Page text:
France’s top court decides brain-damaged Vincent Lambert must die
At the end of a whirlwind procedure, it published its arrest of cassation at 5 p.m. Friday in Paris, agreeing with the French state that the administration had in no way violated the tetraplegic, brain-damaged young man’s rights by a form of legal “assault” in refusing to sustain his life regardless of provisional measures demanded by the UN Committee for the Protection of Disabled Persons (CDPH).
The stopping of his food and hydration can “resume” immediately, according to the mainstream media.
Bishop Xavier Malle of Gap and Embrun in the south of France immediately published a tweet recalling that “hydration is not a disproportionate treatment but an elementary right of man.” He also spoke of his “great sadness.” “Are we once again going to witness an almost live death?”
The Court of Cassation’s role is to judge not the facts but the proper application of the law. In its most solemn configuration comprising 19 presidents of chambers, it has handed down a decision which, in practice, constitutes a death sentence.
It is also a highly political decision. The Court was faced with a demand intent on making it justify all the actions of the government, the health administration and a hospital whose agents are civil servants, in order to make Lambert die of thirst, because human life must not be considered sacred in France.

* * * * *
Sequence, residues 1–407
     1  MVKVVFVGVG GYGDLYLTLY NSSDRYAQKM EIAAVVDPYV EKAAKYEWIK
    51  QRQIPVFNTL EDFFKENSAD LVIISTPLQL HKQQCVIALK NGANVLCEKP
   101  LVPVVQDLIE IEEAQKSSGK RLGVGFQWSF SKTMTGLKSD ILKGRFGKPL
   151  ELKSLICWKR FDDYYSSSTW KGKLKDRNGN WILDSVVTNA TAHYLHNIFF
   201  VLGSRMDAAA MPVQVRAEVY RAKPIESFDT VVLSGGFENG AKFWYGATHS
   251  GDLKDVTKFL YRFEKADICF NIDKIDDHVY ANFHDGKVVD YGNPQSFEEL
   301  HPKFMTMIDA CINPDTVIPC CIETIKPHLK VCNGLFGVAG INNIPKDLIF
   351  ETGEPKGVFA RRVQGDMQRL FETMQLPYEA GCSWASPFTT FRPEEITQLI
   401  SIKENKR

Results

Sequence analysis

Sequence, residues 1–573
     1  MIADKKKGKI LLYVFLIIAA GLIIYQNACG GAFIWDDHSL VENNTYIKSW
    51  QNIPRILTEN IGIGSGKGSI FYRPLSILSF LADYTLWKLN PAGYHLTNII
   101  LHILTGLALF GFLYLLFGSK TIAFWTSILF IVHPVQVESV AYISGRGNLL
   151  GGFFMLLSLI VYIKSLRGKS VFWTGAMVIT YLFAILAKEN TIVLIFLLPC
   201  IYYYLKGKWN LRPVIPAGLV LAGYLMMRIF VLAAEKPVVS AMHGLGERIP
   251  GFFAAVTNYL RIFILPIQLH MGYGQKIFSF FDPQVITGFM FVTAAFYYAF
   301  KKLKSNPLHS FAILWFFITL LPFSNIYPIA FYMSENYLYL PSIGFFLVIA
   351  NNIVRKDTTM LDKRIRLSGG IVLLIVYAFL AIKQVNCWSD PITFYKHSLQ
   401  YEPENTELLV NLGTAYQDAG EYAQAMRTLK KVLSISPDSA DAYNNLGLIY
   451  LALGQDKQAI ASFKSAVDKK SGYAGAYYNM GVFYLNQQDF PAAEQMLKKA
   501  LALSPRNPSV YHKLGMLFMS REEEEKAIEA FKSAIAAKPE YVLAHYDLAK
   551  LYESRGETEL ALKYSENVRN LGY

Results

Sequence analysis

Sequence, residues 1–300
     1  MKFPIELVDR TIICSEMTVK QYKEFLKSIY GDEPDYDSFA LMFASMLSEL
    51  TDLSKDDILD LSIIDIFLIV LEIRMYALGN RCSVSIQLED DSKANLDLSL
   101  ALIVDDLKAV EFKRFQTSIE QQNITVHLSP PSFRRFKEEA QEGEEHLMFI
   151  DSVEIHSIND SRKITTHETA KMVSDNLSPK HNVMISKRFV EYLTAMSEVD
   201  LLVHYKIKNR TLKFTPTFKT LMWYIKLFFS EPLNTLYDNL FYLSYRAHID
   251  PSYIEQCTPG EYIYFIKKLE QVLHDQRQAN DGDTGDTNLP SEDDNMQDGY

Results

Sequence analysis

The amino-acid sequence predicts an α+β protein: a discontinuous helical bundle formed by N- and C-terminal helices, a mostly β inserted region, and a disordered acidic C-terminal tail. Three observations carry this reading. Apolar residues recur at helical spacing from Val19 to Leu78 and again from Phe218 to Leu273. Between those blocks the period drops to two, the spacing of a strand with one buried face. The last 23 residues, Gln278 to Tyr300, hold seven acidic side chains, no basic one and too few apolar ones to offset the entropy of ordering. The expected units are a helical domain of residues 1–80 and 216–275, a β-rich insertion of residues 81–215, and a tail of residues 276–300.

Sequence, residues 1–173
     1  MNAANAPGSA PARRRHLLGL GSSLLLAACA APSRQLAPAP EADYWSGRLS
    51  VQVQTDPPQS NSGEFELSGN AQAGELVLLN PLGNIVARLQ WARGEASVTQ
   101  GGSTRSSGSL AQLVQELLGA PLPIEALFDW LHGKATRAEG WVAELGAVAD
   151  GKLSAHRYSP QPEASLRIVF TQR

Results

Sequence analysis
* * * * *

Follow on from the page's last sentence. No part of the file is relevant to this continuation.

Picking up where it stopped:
Is this the decision of last resort, the real endpoint of this case, as Rachel Lambert's lawyer, Patrice Spinosi, told the press? How soberly he talked to the press, expressing himself with utmost seriousness on behalf of Vincent's wife, who also exercises guardianship over him.
There were no cries of victory, as when Jean Paillot and Jérôme Triomphe learned Vincent’s life had been saved on May 20. But his satisfaction was obvious.
This decision is, however, not the end point of this case, for two reasons.
First of all, there is still a glimmer of hope at the time of this writing, and it stems from the wording of the arrest of the Court of Cassation. As Triomphe pointed out, the supreme judges did not rule on France's duty to respect the provisional measures requested by the UN Committee for the Respect of the Rights of Persons with Disabilities (CRPD) from France, which was asked to refrain from taking any irreversible action until the CRPD has been able to examine the case.
However, there is nothing more irreversible than death, and France as a signatory to the optional protocol by which it undertook to respect the decisions of the said committee, would violate its own international commitments by ignoring them.